If Jack Green can run as confidently as he talks then British athletics fans can prepare to celebrate an unexpected medal at next summer's London Olympics.
It could even be gold, according to Green, who is 20, largely unknown in sporting circles but whose development in the 400 metres hurdles, arguably athletics' most punishing discipline, has been impressive in 2011.
So much so that Green predicts at London 2012 he could emulate John Akii-Bua, the 400m hurdles gold medallist from Uganda who came out of nowhere to stun the sporting world at Munich in 1972.
Green said: "My coach, Malcolm Arnold, was a friend of John Akii-Bua. I never met him but I feel as if I have. His story is a fantastic one and it is an inspiration.
"Hopefully, I could be the next John Akii-Bua, the guy who came from nowhere to suddenly drop an amazing time, a world record, to win the Olympics.
"That is why I would not rule out me doing well (at London 2012) because people wouldn't have said John Akii-Bua would have done well coming from Uganda, running 47.8secs and winning the Olympics from lane one. Stranger things have happened.
"Last year I went from 50.49 to 48.98 and I'd say that was a pretty long way in athletics terms. It's exciting, but I don't care about times next year. I want places, medals, titles."
Green is a world junior 400m hurdles finalist who was persuaded by world champion Welshman Dai Greene to join him in Malcolm Arnold's stable at Bath.
Green had been set to go to Nebraska University in the USA at the end of 2010, but Arnold's environment has been perfect for his education.
The Kent athlete now trains alongside Greene, Olympic bronze medallist Tasha Danvers, Scottish record-holder Eilidh Child, Commonwealth bronze medallist Lawrence Clarke and Commonwealth finalist Rick Yates under a coach in Arnold who has been to every Olympics since 1968.
The improvement has been tangible, Green making the semi-finals at the world championships in Daegu, South Korea,
There he met his idol, Maurice Greene, the 100m Olympic champion from Sydney, who provided Jack with his most potent Olympic memory.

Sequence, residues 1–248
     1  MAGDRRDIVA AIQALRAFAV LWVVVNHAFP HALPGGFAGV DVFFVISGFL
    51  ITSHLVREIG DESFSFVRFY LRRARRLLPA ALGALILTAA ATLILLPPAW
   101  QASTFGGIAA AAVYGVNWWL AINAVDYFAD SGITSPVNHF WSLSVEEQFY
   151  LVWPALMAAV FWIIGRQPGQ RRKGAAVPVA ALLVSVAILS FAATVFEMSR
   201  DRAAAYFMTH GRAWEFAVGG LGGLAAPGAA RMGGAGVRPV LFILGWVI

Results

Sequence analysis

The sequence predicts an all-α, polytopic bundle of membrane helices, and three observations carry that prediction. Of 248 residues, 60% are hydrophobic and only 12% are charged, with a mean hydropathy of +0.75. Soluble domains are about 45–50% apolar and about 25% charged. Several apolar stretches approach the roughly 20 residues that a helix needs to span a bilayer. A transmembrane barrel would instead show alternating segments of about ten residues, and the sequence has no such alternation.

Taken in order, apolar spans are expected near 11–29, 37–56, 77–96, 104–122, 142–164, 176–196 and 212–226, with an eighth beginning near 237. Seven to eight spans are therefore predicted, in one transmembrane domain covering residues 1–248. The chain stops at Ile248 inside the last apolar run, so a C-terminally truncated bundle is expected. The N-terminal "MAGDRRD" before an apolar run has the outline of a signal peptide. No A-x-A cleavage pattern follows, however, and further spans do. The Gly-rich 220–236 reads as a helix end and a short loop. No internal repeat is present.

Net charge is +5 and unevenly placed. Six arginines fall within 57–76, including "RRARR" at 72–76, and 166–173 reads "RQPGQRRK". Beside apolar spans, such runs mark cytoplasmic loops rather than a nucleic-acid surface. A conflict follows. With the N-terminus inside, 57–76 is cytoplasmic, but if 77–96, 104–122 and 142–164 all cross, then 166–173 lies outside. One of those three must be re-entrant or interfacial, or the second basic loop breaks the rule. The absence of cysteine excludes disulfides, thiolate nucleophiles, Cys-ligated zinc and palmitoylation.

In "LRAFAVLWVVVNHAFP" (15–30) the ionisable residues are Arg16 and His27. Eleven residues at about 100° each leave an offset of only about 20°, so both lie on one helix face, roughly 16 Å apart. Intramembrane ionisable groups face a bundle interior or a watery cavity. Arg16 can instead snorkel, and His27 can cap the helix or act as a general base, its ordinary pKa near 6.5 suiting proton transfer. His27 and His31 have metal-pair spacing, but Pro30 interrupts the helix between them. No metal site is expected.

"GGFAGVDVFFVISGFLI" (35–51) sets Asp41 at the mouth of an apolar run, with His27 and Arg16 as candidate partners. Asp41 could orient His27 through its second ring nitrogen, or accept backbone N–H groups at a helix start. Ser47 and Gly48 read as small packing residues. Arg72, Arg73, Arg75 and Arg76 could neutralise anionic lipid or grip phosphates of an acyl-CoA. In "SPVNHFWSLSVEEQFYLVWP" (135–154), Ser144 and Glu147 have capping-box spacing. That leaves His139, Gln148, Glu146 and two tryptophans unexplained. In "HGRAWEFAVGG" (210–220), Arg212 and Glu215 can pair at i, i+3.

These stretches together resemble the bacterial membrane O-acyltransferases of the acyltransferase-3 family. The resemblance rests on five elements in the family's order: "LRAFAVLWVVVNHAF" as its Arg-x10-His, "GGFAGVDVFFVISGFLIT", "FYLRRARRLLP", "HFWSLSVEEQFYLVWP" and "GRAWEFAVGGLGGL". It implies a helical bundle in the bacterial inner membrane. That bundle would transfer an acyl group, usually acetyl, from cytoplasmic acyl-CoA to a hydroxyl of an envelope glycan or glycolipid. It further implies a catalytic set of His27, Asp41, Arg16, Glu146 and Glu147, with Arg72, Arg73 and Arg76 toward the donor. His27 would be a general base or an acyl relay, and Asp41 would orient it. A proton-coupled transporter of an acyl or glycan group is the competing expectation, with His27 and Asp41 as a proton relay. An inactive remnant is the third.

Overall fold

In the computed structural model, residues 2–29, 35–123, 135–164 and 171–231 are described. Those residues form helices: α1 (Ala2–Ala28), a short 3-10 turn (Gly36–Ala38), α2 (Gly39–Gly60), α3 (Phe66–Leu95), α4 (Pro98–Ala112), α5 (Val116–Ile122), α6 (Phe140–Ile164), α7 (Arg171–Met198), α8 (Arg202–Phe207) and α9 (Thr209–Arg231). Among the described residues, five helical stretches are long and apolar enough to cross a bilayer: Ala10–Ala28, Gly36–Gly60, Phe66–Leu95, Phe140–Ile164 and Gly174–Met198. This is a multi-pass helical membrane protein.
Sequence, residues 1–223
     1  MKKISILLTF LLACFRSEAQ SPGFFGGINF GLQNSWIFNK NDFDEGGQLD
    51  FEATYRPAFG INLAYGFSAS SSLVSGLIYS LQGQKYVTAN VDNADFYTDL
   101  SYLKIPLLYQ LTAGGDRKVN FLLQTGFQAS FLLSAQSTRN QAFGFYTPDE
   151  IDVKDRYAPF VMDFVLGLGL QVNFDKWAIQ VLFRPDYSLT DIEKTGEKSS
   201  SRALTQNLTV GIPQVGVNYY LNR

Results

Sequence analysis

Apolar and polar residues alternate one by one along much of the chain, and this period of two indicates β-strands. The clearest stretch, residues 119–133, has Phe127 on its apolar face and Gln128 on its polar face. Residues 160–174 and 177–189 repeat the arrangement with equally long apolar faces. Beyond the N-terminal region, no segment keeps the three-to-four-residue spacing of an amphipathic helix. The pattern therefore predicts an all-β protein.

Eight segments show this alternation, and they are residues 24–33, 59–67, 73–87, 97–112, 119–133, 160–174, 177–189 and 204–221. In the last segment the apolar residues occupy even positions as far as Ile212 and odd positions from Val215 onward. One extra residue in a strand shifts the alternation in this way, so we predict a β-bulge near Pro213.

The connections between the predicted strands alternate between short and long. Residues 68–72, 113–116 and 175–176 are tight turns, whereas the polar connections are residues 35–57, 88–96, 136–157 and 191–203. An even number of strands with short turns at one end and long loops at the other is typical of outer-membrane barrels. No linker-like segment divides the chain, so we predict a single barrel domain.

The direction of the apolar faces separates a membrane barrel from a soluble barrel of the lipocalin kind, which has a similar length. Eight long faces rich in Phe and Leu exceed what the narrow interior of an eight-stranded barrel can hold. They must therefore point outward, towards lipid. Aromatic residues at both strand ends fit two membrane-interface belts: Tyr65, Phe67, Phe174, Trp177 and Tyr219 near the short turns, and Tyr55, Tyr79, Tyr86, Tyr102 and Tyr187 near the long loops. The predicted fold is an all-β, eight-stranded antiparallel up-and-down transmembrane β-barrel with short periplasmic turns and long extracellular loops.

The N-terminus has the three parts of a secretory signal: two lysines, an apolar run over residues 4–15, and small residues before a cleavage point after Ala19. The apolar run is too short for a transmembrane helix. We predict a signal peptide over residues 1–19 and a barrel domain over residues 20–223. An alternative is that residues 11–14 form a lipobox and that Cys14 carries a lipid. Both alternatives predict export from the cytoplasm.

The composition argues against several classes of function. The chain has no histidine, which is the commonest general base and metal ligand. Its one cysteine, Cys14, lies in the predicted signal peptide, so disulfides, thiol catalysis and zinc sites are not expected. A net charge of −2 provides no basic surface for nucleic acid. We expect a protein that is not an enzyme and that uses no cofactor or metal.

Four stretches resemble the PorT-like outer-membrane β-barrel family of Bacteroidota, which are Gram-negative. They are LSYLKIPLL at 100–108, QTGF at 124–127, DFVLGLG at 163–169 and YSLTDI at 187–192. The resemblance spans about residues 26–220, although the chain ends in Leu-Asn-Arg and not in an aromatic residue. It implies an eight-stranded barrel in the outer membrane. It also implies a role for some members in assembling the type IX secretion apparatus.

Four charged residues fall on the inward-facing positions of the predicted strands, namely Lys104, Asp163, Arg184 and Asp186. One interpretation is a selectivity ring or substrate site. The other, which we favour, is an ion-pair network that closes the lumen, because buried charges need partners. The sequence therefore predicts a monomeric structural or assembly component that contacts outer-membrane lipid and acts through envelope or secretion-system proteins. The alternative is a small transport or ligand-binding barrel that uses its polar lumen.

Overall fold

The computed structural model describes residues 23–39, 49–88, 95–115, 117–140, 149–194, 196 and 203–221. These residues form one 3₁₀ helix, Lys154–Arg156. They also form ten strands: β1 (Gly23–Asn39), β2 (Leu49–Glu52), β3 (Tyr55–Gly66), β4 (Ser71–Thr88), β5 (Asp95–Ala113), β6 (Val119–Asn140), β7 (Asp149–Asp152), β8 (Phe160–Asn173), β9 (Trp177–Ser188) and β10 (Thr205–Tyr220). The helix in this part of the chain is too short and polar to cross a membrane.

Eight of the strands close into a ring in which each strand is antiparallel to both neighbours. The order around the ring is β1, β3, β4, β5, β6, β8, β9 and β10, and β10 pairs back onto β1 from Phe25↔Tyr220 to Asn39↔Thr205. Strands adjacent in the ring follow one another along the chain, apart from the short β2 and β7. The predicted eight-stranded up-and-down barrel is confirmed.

"He is my inspiration," said Green, who was talking at an event to celebrate Aviva's 13-year association with athletics. "I was lucky enough to meet him in Daegu.
"I like to think my confidence is similar to his. The way he strutted about. I try to model myself a bit on that. I think I've always wanted to be a 100m runner."
Green is also a big fan of Ed Moses, who transformed the 400m hurdles event, winning gold in the 1976 and 1984 Olympics and triumphing in 122 consecutive races.
"You have to be a student of your sport, especially in the 400m hurdles where it is all about experience and knowledge," said Green.
"Moses completely changed the event. Being a physics graduate he changed all the stride patterns and was unbeaten for 10 years. Anyone who is unbeaten for 10 years at any level deserves some credit."
Green walks with a swagger and while his exuberance and honesty is precocious, it is endearing rather than irritating.
Has he dreamed of standing listening to the national anthem with the gold around his neck at London 2012?
"I definitely have," he admits. "It's not going to happen unless you believe in it and visualising yourself is part of that. I have visualised myself on that podium a few times."
If you think that sounds like a man with psychological training then you would be right. His mum, Nicola, is a school learning mentor with the aim of raising pupils' esteem.
Green said: "I think maybe she gave me a little too much confidence. I was obviously the experiment but it kind of went all Frankenstein on her."
At which point he demonstrates the 'monster' she has unleashed by revealing he had been flicking through Olympic stats to discover America's Angelo Taylor was the youngest 400m hurdles champion in 2000 at 21.
"Now I'm 20 and still will be at London 2012," Green said. "I think that is set up nicely, in my opinion."